Saudi Arabia, Russia, and other oil-producing nations have finally agreed to cut production outputs by what could be the most massive cut in the history of OPEC.
On Sunday, April 12, sources reported that OPEC and other oil-producing countries have agreed to cut about 10% of the global oil supply. This cut of about 9.9 million barrels of crude per day is, however, just for May and June.
The oil cut decision was the outcome of a virtual marathon meeting- with hurdles at different points of the race. In the meeting held on Thursday, last week, OPEC+ reached a surface agreement on the oil cuts, but nothing was finalized.
Russia and other oil-producing nations agreed to the proposed cuts. Other non-members of OPEC, like Canada and Norway, as well had signaled to be a part of the cuts. OPEC also wanted Brazil and the United States to be a part of the cuts to achieve a further reduction of 5 million barrels per day.
However, Mexico, a member of the OPEC+ alliance, did not agree to the allocated cut. Mexican President, Lopez Obrador, had stated clearly that the country could only agree to 25% of the proposed cut. This resistance was the most significant hurdle the OPEC+ faced in its meetings.
But now, our OPEC+ sources have revealed that the crisis has been resolved. OPEC+ has finalized an agreement on what could be the biggest oil cuts ever. It appears that the oil-producing countries hope to keep reducing excesses on production until April 2022.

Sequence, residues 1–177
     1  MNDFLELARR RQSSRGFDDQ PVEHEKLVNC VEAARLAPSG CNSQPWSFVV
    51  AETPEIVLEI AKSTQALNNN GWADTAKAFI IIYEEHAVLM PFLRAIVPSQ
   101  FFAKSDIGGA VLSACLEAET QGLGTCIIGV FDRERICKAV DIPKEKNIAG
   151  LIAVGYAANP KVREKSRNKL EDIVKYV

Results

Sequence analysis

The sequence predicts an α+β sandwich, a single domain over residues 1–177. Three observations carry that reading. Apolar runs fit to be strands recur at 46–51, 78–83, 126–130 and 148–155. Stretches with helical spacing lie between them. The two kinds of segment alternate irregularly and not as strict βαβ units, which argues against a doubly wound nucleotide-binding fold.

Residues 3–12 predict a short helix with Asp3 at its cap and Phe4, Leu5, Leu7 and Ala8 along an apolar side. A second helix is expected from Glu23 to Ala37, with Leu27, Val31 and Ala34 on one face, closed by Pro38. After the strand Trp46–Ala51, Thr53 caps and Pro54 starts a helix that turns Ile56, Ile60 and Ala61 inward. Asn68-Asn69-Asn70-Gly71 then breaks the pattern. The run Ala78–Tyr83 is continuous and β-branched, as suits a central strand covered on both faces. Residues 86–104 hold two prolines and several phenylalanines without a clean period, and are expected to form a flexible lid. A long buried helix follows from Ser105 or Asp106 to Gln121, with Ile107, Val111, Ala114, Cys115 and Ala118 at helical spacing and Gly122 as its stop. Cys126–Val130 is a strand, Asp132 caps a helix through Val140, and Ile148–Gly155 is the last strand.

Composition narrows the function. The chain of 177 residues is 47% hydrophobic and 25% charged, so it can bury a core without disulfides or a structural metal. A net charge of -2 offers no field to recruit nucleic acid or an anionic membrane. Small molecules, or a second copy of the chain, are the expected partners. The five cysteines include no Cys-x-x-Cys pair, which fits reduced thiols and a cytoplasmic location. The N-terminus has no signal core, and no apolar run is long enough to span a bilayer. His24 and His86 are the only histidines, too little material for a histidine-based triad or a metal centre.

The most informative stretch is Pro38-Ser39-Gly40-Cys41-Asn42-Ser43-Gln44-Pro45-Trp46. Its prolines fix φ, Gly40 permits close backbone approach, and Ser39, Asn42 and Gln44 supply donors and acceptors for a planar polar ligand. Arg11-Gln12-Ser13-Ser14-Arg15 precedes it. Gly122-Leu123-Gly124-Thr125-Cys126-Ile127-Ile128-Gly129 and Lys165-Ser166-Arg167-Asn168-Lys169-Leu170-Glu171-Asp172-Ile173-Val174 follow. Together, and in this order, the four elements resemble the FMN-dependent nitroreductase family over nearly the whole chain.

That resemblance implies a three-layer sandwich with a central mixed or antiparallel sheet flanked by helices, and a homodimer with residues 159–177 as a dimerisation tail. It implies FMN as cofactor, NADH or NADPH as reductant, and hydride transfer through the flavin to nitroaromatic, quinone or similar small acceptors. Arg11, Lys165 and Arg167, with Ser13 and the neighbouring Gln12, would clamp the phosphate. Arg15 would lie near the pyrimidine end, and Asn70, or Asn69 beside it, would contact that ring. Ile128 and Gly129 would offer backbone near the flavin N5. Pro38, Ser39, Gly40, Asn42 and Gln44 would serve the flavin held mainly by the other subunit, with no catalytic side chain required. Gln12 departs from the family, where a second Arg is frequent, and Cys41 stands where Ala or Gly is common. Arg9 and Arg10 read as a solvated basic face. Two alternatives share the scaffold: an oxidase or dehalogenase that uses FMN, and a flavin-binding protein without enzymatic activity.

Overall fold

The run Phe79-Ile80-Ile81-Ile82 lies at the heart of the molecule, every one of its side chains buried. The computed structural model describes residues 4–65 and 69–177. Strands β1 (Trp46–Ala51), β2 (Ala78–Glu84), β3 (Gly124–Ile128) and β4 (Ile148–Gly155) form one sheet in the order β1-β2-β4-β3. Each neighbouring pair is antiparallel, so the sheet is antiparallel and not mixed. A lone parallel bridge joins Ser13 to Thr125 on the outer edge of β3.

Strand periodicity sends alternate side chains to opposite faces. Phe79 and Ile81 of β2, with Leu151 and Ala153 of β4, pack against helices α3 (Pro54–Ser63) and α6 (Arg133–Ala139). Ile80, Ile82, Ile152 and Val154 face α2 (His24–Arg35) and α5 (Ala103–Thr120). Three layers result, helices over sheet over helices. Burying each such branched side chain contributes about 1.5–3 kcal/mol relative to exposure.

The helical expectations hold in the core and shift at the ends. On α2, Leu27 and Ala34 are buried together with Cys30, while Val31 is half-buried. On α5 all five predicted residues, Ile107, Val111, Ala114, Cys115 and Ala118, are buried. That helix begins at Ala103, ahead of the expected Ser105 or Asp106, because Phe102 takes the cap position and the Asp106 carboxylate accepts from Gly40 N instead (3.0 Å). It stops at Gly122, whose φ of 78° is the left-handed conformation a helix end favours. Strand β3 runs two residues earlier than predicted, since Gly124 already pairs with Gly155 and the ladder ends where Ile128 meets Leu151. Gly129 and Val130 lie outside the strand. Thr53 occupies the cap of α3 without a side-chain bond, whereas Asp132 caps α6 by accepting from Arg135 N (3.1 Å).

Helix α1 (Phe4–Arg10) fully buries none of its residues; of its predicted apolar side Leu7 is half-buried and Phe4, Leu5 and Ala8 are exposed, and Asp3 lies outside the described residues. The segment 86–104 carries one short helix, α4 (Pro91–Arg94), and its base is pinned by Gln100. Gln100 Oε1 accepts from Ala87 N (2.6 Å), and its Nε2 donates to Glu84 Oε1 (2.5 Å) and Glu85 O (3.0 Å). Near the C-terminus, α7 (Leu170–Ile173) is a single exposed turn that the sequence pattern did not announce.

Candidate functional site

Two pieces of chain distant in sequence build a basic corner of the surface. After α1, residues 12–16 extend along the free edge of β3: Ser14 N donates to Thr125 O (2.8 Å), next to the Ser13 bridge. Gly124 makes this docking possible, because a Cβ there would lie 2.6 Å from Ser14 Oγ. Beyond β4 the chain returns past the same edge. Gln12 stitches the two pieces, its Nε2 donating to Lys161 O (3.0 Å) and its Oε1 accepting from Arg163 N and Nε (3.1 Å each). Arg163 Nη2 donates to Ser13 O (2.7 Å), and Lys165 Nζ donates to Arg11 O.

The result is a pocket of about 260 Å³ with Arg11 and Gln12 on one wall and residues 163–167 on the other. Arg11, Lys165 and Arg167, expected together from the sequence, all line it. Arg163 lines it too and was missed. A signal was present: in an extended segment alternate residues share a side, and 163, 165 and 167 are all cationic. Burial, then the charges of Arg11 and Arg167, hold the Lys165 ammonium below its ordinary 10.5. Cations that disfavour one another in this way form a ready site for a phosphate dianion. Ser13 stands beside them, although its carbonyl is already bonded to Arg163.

The impact of the COVID-19 pandemic has, so far, orchestrated the complexities in the oil market. It strained the budget of oil-producing countries. The U.S. Shale industry was mostly affected by the low oil prices that resulted from the pandemic. Hopefully, this imbalance will be corrected by the production cuts.
Earlier, United State President, Donald Trump had threatened OPEC leader, Saudi Arabia, with oil tariffs and some other strict measures. He had also put a call through to Russian President, Vladimir Putin, to initiate the talks with the country- all in a bid to see the oil crisis resolved- most especially to protect the U.S. Shale Industry.
Also, when Mexican President, Lopez Obrador, objected to the proposed cut, President Donald Trump had put a call through to the President to express his desire to aid Mexico in meeting the oil cut targets.’
Now that a solid agreement has been reached, there should be relative stability in oil prices.
Still, though, the world remains in crisis. The global demand for oil is estimated to have fallen by a third. And although this is the most massive cut in history, it might not be enough to correct the projected decline in the prices of oil that resulted from the lockdown and shutdown of the major economies of the world.
An agreement might have been reached, but it is estimated that Brent Prices might, regardless of these measures in place, fall back to $20 per barrel from the $32 mark that it closed last week.